“September Morn,” oil on canvas, by Paul Émile Chabas, 1912.

by Peter J. Stavros

It’s that thing that wakes you at three in the morning, with a gasp and a startle, brain addled, pulse pounding, the pillow and sheets sweat-soaked. You roll over to the night stand for a cigarette before you realize you don’t smoke anymore, quit years ago, but it still remains, that muscle memory, to reach for something, no matter how toxic, when you sense yourself sinking. You unfold out of bed, this leg, then that leg, pause for a beat to acclimate to upright, sort of, before stumbling down the stairs, clumsy against the rail, the hardwood creaking, that one nail on the next to last step that always snags your sock, goddammit, boxers and V-neck damp, clingy. You check the air conditioner, running full blast, set at sixty-two. Sixty-two? You jump to adjust to something more sensible, seventy at least, the unit outside clanking off with a rattle of hard metal. Christ, who set this thing at sixty-two? You would never be so cavalier with the thermostat, and thinking like that makes you feel like your dad. You resist the urge to rummage through your desk drawer for a crinkled pack of Marlboro Lights that might have gotten shoved way in because even if it had it would have long been pillaged by you by now.

It’s no use, you know, but you go to your desk nonetheless, something draws you, and the chair you stole from the last place you worked, those assholes who were too cheap to offer you severance. You had to take something for your time, so rather than abscond with a briefcase of office supplies like any normal person, or a wad of petty cash stuffed into your overcoat pocket, you took a shitty chair, rolled it down the hallway as security escorted you from the building. You never even liked that chair, the insufferable squeaking at the slightest shifting of position. But you had to take something. And now here it is, in your house, squeaking, squeaking, squeaking, as you sit at your desk, and open your laptop, for some reason, some reason that escapes, at three in the morning, your damp underwear. You log on, you log in, and there, then you remember, why you woke with a gasp soaked in sweat.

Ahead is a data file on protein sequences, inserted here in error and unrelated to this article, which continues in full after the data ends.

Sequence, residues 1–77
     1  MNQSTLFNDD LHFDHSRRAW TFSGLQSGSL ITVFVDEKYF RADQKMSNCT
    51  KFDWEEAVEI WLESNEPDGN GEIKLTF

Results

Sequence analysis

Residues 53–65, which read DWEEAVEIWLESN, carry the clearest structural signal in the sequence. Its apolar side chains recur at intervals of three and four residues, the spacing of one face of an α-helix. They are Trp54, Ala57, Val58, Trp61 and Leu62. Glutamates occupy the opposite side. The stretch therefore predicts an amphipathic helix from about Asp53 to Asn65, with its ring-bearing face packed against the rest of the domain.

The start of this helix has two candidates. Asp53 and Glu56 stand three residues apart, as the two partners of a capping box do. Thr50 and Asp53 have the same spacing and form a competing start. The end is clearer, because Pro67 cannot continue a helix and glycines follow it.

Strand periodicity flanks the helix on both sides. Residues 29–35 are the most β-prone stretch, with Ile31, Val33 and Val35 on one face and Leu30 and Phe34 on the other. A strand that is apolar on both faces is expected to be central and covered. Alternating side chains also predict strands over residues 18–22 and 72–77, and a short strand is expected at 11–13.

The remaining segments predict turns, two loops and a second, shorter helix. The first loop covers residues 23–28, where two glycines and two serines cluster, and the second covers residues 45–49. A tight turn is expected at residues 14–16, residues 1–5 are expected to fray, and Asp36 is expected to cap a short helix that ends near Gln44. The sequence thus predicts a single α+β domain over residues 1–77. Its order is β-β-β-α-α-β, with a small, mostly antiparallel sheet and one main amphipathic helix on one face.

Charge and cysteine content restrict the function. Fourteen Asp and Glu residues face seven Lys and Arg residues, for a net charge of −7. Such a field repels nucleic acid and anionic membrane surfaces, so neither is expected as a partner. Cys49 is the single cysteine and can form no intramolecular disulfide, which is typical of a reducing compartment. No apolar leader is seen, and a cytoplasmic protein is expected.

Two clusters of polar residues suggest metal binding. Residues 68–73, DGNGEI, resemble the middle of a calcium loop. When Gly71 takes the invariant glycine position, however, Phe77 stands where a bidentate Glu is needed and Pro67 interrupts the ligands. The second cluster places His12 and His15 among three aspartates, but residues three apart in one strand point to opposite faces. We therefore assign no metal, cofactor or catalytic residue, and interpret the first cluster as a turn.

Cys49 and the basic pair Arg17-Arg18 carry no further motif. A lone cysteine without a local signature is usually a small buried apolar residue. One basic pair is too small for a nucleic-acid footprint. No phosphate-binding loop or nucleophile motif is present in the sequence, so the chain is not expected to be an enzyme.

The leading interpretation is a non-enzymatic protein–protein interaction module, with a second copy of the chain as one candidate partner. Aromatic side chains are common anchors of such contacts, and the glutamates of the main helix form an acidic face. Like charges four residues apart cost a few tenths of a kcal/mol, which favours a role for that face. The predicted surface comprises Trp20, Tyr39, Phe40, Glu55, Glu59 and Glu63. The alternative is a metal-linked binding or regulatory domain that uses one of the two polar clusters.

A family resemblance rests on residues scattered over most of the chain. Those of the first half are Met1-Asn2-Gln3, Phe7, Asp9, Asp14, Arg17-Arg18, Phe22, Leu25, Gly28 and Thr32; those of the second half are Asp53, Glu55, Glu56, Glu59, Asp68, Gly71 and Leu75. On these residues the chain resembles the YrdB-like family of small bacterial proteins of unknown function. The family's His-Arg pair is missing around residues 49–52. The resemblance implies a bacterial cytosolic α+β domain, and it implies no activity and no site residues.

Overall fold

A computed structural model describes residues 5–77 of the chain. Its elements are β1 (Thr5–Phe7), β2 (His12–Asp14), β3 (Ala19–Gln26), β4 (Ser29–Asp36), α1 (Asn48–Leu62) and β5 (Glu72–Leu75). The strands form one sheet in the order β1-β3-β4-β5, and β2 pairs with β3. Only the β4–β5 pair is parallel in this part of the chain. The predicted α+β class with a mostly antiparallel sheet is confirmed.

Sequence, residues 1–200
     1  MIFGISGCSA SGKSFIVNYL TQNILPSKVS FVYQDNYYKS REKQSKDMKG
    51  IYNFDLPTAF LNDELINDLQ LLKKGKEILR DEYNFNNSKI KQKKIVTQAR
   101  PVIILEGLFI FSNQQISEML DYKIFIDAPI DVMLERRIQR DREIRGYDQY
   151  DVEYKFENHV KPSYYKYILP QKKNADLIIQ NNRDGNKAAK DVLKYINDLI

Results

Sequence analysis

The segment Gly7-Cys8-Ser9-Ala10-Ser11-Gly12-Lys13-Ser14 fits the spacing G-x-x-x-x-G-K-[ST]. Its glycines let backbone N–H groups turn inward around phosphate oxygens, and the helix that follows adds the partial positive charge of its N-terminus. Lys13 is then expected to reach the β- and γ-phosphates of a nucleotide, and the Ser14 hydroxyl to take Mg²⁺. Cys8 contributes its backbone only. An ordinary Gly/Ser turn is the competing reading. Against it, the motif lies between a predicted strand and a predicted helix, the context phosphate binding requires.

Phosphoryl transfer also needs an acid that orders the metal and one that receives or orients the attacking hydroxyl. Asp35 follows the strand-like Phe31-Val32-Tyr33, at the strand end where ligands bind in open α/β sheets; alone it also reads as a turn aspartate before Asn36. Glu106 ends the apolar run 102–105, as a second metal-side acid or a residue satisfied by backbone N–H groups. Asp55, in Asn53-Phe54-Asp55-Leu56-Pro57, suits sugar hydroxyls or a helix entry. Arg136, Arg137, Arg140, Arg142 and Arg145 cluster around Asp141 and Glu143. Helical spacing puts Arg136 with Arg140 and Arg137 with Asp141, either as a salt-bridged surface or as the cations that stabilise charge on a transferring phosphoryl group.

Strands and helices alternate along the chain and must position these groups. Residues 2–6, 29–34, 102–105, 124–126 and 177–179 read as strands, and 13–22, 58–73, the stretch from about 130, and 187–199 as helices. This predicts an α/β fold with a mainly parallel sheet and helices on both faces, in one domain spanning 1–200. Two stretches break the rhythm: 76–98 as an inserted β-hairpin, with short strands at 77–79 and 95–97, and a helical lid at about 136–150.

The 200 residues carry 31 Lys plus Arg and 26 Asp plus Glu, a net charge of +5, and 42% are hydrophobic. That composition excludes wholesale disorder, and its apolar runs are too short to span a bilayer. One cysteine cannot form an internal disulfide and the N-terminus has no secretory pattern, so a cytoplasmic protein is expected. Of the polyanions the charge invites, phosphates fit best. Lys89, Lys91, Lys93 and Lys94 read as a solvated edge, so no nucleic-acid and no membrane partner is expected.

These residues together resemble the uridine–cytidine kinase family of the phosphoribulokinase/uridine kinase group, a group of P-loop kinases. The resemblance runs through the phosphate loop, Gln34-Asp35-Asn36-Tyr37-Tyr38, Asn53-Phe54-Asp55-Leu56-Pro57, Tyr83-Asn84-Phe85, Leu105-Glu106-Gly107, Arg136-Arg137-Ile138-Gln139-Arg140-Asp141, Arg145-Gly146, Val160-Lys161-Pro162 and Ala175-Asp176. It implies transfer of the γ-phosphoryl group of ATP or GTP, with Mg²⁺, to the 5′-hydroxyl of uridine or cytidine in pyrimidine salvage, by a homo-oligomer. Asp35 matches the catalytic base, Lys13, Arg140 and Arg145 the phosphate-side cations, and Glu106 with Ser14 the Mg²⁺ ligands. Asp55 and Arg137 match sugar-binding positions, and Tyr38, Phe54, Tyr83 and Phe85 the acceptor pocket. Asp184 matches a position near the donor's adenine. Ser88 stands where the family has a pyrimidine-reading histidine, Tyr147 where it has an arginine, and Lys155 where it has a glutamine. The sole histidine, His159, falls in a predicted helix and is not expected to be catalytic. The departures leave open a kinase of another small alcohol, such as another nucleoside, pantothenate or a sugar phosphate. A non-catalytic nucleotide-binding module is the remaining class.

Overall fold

It’s her, you see her, like you used to see her, older of course, what’s it been, ten years, no, more, but still the same, sort of. You see those lips, those eyes, the button nose, the unruly shock of platinum blonde hair, not natural, not what God gave her, but suits her, the mermaid tattoo from Key West. It’s her, you know it’s her, older but still it’s her, smiling, contented. She’s standing on some anonymous beach, with some anonymous kid, some kid who looks like her. It’s her kid, her son, they told you it’s her son. Is that really her son? He looks like her and not his father whoever that is and why isn’t he in the picture although you suspect maybe he took the picture but you would rather just consider him out of the picture. He’s a good looking kid, tall, towers over her, but she’s small, you always teased, yet even so, a kid that big, and good looking, with all her best features and nothing from his father whoever that is. You see that, you saw that, and still cannot believe it, and now you can’t stop staring.